Different visions of Scotland's future

By Simon Barrow
November 18, 2014

A public roundtable discussion of 'Scotland: Our Visions and Divisions', chaired by Allan Little (BBC), will take place on Wednesday 19th November, 6:00pm – 7:15pm in the Martin Hall, New College, the University of Edinburgh, EH1 2LX (followed by a reception in the Rainy Hall).

Competing visions for those living in Scotland and in the UK have emerged in recent months, prompting many to ask: ‘what unites or divides a society?’

Four leading scholars will go beneath the surface of visions and divisions to discuss how spaces, places, texts and genes shape our self understanding, evolving personalities and social interactions.

By bringing together a literary expert (Professor Penny Fielding); a genetic psychologist (Professor Tim Bates); a physical geographer (Professor Matthew Bampton), and an academic architect (Dr Suzanne Ewing), this interdisciplinary panel will delve into what shapes our visions and divisions, what forms us into the way that we are, what makes us different as well as more or less cooperative, and what are the implications for living together on this group of Islands off the North Western coast of Continental Europe.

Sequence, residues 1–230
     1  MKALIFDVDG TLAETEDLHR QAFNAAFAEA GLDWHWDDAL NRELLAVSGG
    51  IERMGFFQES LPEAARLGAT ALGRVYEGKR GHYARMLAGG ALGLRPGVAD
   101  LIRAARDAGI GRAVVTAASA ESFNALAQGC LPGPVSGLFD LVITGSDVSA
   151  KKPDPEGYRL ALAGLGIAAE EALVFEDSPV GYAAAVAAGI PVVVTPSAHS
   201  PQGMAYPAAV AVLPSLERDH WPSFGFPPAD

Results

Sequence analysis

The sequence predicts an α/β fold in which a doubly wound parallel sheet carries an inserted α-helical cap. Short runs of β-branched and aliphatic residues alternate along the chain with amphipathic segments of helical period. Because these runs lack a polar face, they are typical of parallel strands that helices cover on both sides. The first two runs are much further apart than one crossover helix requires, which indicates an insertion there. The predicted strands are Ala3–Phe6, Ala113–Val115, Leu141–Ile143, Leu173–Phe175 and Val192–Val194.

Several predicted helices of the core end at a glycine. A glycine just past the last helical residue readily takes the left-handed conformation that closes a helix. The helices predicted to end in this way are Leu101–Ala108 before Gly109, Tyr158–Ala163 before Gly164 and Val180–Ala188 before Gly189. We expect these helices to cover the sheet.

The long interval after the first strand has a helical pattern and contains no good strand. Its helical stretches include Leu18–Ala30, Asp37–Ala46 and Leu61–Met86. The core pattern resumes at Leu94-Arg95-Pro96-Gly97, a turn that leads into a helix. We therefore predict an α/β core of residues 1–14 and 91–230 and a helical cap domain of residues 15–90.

Drawing on a range of concrete case studies participants will consider how the genes we inherit, the texts we interact with, the buildings we inhabit and the spaces we move through contribute to our interpretations of the past, experiences of the present and hopes for the future.

The event is co-sponsored by the Institute for Advanced Studies in the Humanities (IASH) and the Centre for Theology and Public Issues (CTPI) at the University of Edinburgh. It is part of the UK’s first National Festival of the Humanities - Being Human.

* Registrations essential for: Our Visions and Divisions (Being Human: Spaces, Places, Texts & Genes) To book tickets (a few are remaining at the time of writing) please visit Eventbrite: http://bit.ly/VisionsDivisions
Any practical difficulties or questions please email: IASH Staff

* More from Ekklesia on the Scottish referendum and after here: http://www.ekklesia.co.uk/scottishindependence

* More from CTPI: http://www.ekklesia.co.uk/ctpi

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© Simon Barrow is co-director of Ekklesia and a member of the executive of the Centre for Theology and Public Issues at New College, Edinburgh.

Although the views expressed in this article do not necessarily represent the views of Ekklesia, the article may reflect Ekklesia's values. If you use Ekklesia's news briefings please consider making a donation to sponsor Ekklesia's work here.